DOI: 10.1007/s10144-013-0419-9

High intraguild predator density induces thinning effects on and increases temporal overlap with prey populations

1. Division of Biological Sciences, University of Missouri-Columbia, Columbia, MO, USA

2. Division of Biological Sciences, University of Missouri-Columbia, Columbia, MO, USA

Correspondence to:
Thomas Anderson
Email: tlarkf@mail.missouri.edu

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Abstract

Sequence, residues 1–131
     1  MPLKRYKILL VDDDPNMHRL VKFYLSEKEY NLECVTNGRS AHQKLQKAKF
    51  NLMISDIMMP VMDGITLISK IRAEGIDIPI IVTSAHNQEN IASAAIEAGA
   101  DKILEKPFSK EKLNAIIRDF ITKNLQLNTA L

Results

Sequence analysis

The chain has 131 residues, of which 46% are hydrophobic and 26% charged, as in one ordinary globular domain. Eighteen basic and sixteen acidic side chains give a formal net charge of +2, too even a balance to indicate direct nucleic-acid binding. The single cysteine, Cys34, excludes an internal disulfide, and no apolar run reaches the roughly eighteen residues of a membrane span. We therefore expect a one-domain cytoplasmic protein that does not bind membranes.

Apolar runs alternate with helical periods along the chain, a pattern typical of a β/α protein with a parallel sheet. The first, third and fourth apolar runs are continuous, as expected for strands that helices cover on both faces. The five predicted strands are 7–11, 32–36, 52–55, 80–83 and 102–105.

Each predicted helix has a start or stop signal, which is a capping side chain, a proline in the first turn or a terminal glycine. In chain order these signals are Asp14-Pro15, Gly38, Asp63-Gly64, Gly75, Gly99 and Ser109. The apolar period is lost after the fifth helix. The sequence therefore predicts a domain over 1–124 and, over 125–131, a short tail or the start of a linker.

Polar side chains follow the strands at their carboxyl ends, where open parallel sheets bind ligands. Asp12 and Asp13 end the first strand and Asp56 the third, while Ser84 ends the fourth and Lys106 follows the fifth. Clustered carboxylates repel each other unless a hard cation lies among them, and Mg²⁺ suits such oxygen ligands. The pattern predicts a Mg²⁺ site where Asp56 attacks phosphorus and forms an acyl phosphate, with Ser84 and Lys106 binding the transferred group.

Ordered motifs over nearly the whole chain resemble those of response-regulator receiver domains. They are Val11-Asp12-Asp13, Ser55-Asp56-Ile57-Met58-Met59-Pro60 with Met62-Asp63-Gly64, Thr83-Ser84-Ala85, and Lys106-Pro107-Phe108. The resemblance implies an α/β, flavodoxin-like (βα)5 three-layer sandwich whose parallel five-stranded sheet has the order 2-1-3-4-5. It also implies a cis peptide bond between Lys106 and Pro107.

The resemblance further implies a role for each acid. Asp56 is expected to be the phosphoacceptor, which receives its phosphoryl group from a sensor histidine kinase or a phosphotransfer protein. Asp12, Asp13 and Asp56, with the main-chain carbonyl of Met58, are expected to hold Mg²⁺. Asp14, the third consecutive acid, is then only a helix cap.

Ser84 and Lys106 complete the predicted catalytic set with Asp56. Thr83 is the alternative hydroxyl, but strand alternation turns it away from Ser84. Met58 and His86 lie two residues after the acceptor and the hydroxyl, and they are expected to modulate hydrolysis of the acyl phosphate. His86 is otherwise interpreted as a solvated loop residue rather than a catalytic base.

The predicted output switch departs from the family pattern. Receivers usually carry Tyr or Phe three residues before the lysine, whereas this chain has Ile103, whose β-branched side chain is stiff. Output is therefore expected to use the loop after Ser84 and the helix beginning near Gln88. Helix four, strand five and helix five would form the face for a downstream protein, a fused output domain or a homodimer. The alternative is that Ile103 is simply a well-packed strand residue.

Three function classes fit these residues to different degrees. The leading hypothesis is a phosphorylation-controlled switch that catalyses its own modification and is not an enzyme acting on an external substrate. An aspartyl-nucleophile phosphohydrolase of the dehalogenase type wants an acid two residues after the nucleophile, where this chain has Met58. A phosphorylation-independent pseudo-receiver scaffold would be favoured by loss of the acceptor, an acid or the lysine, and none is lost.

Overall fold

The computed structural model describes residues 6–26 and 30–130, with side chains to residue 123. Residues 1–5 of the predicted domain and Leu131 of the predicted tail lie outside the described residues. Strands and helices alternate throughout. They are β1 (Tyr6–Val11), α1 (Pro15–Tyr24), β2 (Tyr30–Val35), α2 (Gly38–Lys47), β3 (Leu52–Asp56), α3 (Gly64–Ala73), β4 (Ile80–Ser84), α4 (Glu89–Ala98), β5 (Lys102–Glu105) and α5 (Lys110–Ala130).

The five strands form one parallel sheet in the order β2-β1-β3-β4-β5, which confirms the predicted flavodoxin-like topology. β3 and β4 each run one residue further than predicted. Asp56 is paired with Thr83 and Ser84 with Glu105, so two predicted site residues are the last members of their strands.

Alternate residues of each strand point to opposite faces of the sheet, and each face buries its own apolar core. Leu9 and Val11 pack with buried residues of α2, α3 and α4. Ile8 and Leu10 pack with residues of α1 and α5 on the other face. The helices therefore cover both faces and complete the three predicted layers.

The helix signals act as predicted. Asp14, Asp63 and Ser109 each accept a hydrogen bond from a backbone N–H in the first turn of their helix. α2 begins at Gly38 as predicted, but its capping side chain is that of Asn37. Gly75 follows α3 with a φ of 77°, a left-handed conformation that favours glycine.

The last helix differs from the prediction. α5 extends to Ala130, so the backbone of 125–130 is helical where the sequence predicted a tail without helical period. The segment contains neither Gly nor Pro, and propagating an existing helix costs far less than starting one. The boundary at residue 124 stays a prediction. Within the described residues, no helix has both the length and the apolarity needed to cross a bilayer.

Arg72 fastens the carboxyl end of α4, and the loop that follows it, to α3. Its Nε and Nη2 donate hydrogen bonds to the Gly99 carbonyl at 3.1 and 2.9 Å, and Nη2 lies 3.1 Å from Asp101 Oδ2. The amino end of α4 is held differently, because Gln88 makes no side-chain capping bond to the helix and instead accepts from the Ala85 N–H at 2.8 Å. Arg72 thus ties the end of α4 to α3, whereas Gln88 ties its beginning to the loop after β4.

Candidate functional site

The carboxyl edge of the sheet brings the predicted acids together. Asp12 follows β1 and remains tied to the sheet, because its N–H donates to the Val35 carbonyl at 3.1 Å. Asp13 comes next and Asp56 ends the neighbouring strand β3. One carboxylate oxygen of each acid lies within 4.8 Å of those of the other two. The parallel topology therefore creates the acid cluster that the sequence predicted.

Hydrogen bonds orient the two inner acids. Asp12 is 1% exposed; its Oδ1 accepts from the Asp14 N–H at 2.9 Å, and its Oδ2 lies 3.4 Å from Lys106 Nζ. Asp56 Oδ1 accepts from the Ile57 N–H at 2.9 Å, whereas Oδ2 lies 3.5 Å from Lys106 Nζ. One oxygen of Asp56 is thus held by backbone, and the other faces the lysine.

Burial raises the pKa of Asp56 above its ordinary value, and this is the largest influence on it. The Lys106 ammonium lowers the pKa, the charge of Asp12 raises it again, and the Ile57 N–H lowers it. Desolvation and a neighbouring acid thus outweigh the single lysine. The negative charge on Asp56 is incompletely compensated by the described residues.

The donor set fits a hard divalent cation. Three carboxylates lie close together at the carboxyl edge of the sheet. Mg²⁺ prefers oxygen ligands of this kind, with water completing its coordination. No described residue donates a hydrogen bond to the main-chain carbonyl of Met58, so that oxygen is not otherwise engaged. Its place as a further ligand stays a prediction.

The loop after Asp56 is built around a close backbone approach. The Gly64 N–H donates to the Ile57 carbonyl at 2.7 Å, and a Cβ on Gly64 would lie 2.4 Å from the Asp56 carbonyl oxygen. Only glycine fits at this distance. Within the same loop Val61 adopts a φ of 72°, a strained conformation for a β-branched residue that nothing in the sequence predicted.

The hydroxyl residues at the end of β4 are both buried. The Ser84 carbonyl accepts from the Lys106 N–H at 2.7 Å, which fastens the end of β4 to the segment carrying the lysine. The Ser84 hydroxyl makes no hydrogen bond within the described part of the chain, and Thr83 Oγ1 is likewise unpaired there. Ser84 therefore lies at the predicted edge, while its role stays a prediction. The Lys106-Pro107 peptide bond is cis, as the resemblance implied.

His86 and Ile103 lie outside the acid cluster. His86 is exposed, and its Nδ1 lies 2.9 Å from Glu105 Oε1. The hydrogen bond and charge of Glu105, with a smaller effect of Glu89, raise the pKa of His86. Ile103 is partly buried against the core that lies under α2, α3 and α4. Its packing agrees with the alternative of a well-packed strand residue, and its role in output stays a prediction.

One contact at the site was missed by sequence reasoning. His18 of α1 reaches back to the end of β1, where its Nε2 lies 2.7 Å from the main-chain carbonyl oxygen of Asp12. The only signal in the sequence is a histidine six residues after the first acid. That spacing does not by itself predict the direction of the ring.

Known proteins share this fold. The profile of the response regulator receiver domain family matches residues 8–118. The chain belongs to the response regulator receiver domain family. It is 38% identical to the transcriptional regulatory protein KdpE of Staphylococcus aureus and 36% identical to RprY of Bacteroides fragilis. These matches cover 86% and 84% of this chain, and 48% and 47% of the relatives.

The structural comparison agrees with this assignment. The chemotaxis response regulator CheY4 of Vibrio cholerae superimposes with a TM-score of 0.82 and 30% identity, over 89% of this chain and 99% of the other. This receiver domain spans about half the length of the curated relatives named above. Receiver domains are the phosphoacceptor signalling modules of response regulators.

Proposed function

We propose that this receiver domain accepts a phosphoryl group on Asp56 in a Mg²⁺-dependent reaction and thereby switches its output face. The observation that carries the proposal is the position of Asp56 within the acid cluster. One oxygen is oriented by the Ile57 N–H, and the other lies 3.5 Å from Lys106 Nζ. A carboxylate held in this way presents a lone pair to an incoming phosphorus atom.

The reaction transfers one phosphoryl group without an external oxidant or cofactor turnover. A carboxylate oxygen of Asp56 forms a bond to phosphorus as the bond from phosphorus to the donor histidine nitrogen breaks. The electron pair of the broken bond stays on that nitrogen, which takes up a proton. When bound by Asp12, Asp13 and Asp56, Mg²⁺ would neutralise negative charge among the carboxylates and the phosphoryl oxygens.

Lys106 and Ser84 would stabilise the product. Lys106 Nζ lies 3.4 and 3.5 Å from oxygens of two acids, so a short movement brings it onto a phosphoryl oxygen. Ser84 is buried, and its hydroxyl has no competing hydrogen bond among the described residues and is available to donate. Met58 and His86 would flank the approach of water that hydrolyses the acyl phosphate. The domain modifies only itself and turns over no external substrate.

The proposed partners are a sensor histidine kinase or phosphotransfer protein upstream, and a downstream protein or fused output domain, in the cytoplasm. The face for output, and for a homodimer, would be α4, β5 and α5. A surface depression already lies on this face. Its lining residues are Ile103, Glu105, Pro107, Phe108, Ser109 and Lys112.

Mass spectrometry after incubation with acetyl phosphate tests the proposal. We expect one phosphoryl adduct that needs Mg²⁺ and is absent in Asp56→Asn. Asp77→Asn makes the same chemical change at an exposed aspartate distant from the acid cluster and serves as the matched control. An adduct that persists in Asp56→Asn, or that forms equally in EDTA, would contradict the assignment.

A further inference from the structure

Intraguild (IG) predator density can alter its effects on intraguild prey populations through several mechanisms, including density-dependent processes that affect IG predator traits such as size or growth that enhance or limit its predatory abilities. We examined whether intraspecific density-dependence altered IG predator traits, as well as the subsequent interspecific effects among its intraguild prey within a larval salamander guild. Four densities of ringed salamanders (Ambystoma annulatum), the IG predator, were combined with the presence/absence of spotted salamanders (A. maculatum), the IG prey, within experimental mesocosms. We modeled the effects of A. annulatum density on both conspecific and heterospecific responses that would be indicative of density-dependent competition and predation, respectively. We also modeled the reciprocal interspecific effects of A. maculatum on A. annulatum. We found that increasing intraspecific density negatively affected morphological traits but not survival of A. annulatum. No interspecific effects of A. maculatum on A. annulatum were observed. Alternatively, traits of A. maculatum showed nonlinear relationships with increasing A. annulatum density. Thinning effects of A. annulatum on A. maculatum were observed, as survival was positively and size negatively related for A. maculatum with IG predator density. The temporal overlap of the IG predator and prey also increased nonlinearly with IG predator density, intensifying the potential encounter rate of the two species. Overall, this study shows that density-dependent processes in IG predators can significantly affect traits of both themselves, as well as IG prey, which could ultimately change whether competition or predation occurs between the two groups.

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